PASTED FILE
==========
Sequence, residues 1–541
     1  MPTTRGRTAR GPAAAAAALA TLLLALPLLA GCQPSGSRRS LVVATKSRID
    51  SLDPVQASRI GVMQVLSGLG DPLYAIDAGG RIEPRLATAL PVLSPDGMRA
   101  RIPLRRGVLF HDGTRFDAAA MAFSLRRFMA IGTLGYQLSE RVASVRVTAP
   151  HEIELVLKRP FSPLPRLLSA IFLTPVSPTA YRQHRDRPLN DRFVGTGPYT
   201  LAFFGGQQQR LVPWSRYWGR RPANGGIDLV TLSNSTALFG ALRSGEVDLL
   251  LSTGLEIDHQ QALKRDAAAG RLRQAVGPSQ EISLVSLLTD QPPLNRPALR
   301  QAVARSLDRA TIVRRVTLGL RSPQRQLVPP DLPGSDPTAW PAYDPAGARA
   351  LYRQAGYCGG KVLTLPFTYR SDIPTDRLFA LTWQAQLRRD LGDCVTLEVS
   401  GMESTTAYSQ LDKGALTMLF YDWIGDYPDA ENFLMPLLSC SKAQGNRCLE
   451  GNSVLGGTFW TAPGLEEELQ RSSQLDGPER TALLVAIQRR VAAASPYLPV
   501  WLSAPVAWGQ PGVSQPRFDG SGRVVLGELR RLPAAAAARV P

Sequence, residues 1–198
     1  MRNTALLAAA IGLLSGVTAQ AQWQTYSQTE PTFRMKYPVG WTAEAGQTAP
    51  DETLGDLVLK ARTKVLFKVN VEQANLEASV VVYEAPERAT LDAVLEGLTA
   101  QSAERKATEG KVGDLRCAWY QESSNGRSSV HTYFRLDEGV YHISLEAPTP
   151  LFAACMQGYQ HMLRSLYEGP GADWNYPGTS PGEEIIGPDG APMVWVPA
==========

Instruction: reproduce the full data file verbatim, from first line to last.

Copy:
Sequence, residues 1–541
     1  MPTTRGRTAR GPAAAAAALA TLLLALPLLA GCQPSGSRRS LVVATKSRID
    51  SLDPVQASRI GVMQVLSGLG DPLYAIDAGG RIEPRLATAL PVLSPDGMRA
   101  RIPLRRGVLF HDGTRFDAAA MAFSLRRFMA IGTLGYQLSE RVASVRVTAP
   151  HEIELVLKRP FSPLPRLLSA IFLTPVSPTA YRQHRDRPLN DRFVGTGPYT
   201  LAFFGGQQQR LVPWSRYWGR RPANGGIDLV TLSNSTALFG ALRSGEVDLL
   251  LSTGLEIDHQ QALKRDAAAG RLRQAVGPSQ EISLVSLLTD QPPLNRPALR
   301  QAVARSLDRA TIVRRVTLGL RSPQRQLVPP DLPGSDPTAW PAYDPAGARA
   351  LYRQAGYCGG KVLTLPFTYR SDIPTDRLFA LTWQAQLRRD LGDCVTLEVS
   401  GMESTTAYSQ LDKGALTMLF YDWIGDYPDA ENFLMPLLSC SKAQGNRCLE
   451  GNSVLGGTFW TAPGLEEELQ RSSQLDGPER TALLVAIQRR VAAASPYLPV
   501  WLSAPVAWGQ PGVSQPRFDG SGRVVLGELR RLPAAAAARV P

Sequence, residues 1–198
     1  MRNTALLAAA IGLLSGVTAQ AQWQTYSQTE PTFRMKYPVG WTAEAGQTAP
    51  DETLGDLVLK ARTKVLFKVN VEQANLEASV VVYEAPERAT LDAVLEGLTA
   101  QSAERKATEG KVGDLRCAWY QESSNGRSSV HTYFRLDEGV YHISLEAPTP
   151  LFAACMQGYQ HMLRSLYEGP GADWNYPGTS PGEEIIGPDG APMVWVPA